Last year at St. Louis Magazine, one of my colleagues a piece on Christmas food, with his thumbs up/down on several things. I took deep exception to his dislike of mince pie, and parried back with a discussion of my own.
During that Christmastime, I was on the road for family functions in all directions. This year, I'm staying home, and today made the mince pies I spoke of. Perhaps not as pretty as the scallop-edged ones they found a photo of last year, but remarkably tasty.
I've made my own mincemeat sometimes, and other times I've used the commercial sort, although I do try to go beyond the Nonesuch that's usually found in supermarkets. It'll do in a pinch, but I keep my eye out for other kinds throughout the year. One year, I found good stuff at the now-gone Esicar's in Cape Girardeau. This time, I found a jar of British mincemeat, Robertson's, at Global Foods in Kirkwood.
It's seriously good, tart, a little heat to it, very rich. And that's as it should be. Just as a good hamburger should have a proper meat-to-bread ratio, so also should a mince pie. These little guys, which is how I first found them in a church in the heart of downtown Cardiff, Wales, cheering weary shoppers, are two-bite pies, and the texture of the crust is almost as important as the mincemeat. It's the usual size in Great Britain.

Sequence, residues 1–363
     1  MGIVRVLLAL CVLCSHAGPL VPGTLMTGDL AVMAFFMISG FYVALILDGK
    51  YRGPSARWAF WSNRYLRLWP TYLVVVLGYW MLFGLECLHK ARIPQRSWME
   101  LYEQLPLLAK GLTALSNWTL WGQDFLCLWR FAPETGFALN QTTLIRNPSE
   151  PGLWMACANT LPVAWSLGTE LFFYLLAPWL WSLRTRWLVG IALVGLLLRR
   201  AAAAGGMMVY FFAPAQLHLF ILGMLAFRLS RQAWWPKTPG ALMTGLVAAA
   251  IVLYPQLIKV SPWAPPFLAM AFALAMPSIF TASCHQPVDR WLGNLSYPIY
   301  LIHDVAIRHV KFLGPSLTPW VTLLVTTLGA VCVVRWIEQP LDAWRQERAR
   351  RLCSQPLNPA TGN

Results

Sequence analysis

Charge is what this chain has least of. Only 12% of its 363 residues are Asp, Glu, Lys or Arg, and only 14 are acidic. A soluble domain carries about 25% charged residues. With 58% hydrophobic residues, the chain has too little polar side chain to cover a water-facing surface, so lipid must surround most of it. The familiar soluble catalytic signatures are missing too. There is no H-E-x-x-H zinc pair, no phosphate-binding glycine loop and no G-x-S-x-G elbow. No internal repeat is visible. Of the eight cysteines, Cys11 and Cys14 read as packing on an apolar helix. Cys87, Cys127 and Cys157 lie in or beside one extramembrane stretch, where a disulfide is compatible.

I just use cupcake pans and a biscuit cutter to make rounds that fit into the tins. The amount of mincemeat I spoon in might be, in my pans, a generous tablespoon.
Here's the recipe for the dough. It's very forgiving, essentially a shortbread that you roll out. I can see it small rounds cut out and baked flat (or in the cups) with no filling and lemon curd piped in, or maybe a mousse of some sort.
1 3/4 c. flour
6 Tbs. powdered sugar
2 1/2 tsp. grated orange peel
1/4 tsp. salt
1/2 c. (1 stick) cold unsalted butter cut into 1/2 inch or so pieces
1 egg yolk
2 Tbs orange juice and perhaps a little more
Glaze: another egg, beaten
Whiz the flour, powdered sugar and orange peel in the food processor until mixed. Add the cold butter. Process until it looks like coarse cornmeal. Whisk together the egg yolk and 2 tablespoons orange juice in a small bowl or cup and add to processor. Blend until moist clumps form, adding more juice by teaspoonsful if it seems dry.
Preheat oven to 375 degrees. Gather dough into a ball and flatten firmly into a disk. Wrap in plastic wrap and chill 30 minutes or so. (Longer is okay, but you'll need to let it get closer to room temperature to work with it.) Roll it out so it's about 17 inches across. If you need to patch it, you can. If your cupcake pan has 12 spots, start out by cutting 12 rounds from the dough and press them into the pan. Add the mincemeat to each round. Then I use a wee star cutter to cut out something for the top of the tart, but you may use whatever's around that fits, even a thimble. It's nice to let the filling show through. Brush each topping with a little of the beaten egg. If you don't have a brush that small, I've used my fingertip before.
Start baking that pan - set the timer for 18 minutes - and begin the same process with your next pan. Check the first pan, and continue baking if necessary until the top is a golden brown. (My times have gone from 18 minutes to 25.) You may gather the scraps and re-roll the dough with a very minimal loss of texture.
I've gotten anywhere from 18 to 24 pies out of this, depending on what I run out of first, the mincemeat or the dough. (The Robertson's gave me 18.)